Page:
Guinea pigs have a unique need for vitamin C. Most animals make their own vitamin C, but guinea pigs, like humans, do not. In humans, vitamin C deficiency is called scurvy.
If guinea pigs don’t get enough vitamin C in their diet, they become prone to many diseases. If they receive some but inadequate levels of vitamin C, they may appear healthy but have a decreased immune system and therefore be more susceptible to diseases.
Your adult pig needs 20 to 25 milligrams per day of vitamin C, while pregnant piggies need even more. There are a variety of ways to ensure your guinea pig gets all the C he needs.
Symptoms of Vitamin C Deficiency
Common signs of vitamin C deficiency in guinea pigs include:
- Unhealthy hair coats
- Poor appetite
- Dental pain and infections
- Poor wound healing
- Digestion problems
- Inability to fight off all sorts of infections
In other words, vitamin C is essential for guinea pig health. So how do you sneak this vitamin into your pig’s diet?
Most guinea pig pellets are fortified with vitamin C, but you cannot depend on a commercial food to provide an adequate amount. The vitamin C in pellets becomes less potent after 90 days. Environmental conditions such as heat and moisture can also alter the vitamin’s potency in the pellets — even guinea pigs on high-quality, pelleted diets still present with vitamin C deficiency.
Guinea pigs should eat lots and lots of timothy hay as their basic diet — it provides them with the fiber that’s important to digestive health. But it doesn’t give them the vitamin C they need to ward off illness. So what can you do?
The most natural and healthy way for guinea pigs to get their daily requirement of vitamin C is through fresh vegetables and fruits. Start early on in his life so your pig learns to enjoy experimenting with different foods.
Fresh Food Sources for Vitamin C
- Guava = 1 tablespoon
- Red pepper = 2 tablespoons, chopped
- Kale = 1/3 cup
- Tendergreen = 2 tablespoons
- Parsley = 1/3 cup
- Broccoli = 1/3 cup
- Broccoli florets = 1/3–1/2 cup
- Broccoli leaves = 2 tablespoons
- Broccoli stalks = 2 tablespoons
- Cauliflower = 4 florets
- Strawberry = 2–3 berries
- Kiwi = 2 1/2 tablespoons
- Green pepper = 3 1/2 tablespoons
- Mustard greens = 1/2–3/4 cup
- Papaya = 1/3 cup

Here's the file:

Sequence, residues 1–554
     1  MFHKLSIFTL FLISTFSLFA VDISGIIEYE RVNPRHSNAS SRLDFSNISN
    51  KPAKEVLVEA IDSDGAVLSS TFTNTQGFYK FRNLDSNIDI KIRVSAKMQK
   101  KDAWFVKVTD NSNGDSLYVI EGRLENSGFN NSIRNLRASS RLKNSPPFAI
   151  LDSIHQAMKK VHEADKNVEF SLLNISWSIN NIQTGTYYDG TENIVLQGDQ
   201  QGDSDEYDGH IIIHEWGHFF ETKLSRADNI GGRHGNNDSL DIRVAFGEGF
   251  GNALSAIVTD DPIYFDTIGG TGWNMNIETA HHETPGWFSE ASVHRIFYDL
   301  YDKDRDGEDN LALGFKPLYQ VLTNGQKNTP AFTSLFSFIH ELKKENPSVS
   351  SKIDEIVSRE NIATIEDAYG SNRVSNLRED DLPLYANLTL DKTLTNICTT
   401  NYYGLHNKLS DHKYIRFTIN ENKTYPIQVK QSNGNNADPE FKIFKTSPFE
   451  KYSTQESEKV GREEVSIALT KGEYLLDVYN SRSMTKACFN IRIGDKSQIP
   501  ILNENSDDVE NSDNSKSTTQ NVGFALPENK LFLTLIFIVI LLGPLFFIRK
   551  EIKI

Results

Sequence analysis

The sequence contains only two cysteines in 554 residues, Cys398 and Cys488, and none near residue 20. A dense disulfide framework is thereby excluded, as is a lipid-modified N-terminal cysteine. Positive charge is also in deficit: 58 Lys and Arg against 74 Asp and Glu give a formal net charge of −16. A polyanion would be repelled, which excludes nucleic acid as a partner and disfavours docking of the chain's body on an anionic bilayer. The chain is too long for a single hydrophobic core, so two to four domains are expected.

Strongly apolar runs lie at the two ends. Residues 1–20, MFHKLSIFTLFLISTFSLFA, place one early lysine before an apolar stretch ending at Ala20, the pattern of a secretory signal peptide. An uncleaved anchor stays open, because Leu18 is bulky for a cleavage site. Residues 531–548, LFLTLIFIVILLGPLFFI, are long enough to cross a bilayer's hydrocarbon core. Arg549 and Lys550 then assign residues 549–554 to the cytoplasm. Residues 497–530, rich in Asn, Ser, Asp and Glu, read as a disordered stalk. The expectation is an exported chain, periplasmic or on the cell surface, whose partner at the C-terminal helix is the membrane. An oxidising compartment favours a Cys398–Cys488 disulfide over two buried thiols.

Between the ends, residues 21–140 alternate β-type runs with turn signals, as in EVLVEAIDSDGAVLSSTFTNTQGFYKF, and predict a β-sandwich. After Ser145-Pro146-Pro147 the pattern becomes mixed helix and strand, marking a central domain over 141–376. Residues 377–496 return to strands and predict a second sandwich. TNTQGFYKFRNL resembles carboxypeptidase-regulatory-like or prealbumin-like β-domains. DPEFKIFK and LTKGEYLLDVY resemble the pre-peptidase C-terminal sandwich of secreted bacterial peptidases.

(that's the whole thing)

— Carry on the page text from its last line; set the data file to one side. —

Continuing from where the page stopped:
- Snap peas = 1/2 cup
- Red cabbage = 1/2 cup
- Orange = 1/4–1/2
- Cantaloupe = 1/4–1/2 cup melon balls
- Pineapple = 1/3 cup chunks
Beware Certain Veggies
Take note: Broccoli, collard greens, mustard greens and spinach all contain oxalates, which can cause major health problems in guinea pigs and rabbits. Feed these vegetables to your guinea pig no more than once or twice a week.
Vitamin C Supplementation
Vitamin C can be added to the water bottle, but this form of delivery has some disadvantages. Guinea pigs need to drink water, of course, but some just don’t like the taste of vitamin C added to it. But the bigger problem is you may not notice that your pig is drinking less — and this can be very dangerous to her health.
If your pig begins to drink less water, it can cause dehydration and digestive problems, not to mention that your pig will not get the benefit of the vitamin C in the water. Vitamin C is also quite unstable in water, losing most of its potency within 8 hours or so.
Here’s a little more insight into vegetables that can help your guinea pig stay on top of his vitamin C:
The best source of vitamin C supplementation, other than in food, is through tablets or liquid given directly to your pig pal. Children’s vitamin C liquid supplements (affiliate link) are over-the-counter products. If you can’t find them, speak to your pharmacist about ordering some. Guinea pig vitamin C tablets are also available through the Oxbow company. See which of these products your guinea pig likes.
It’s a lot of fun to watch your guinea pigs munch on fresh veggies and hay. Get them used to food experimentation early, and you should have a healthy pig.
- Jeff Rhody, DVM. Vitamin C Supplementation for Guinea Pigs, VIN:2016.
This pet health content was written by a veterinarian, Dr. Debora Lichtenberg, VMD. It was last reviewed Nov. 16, 2016.
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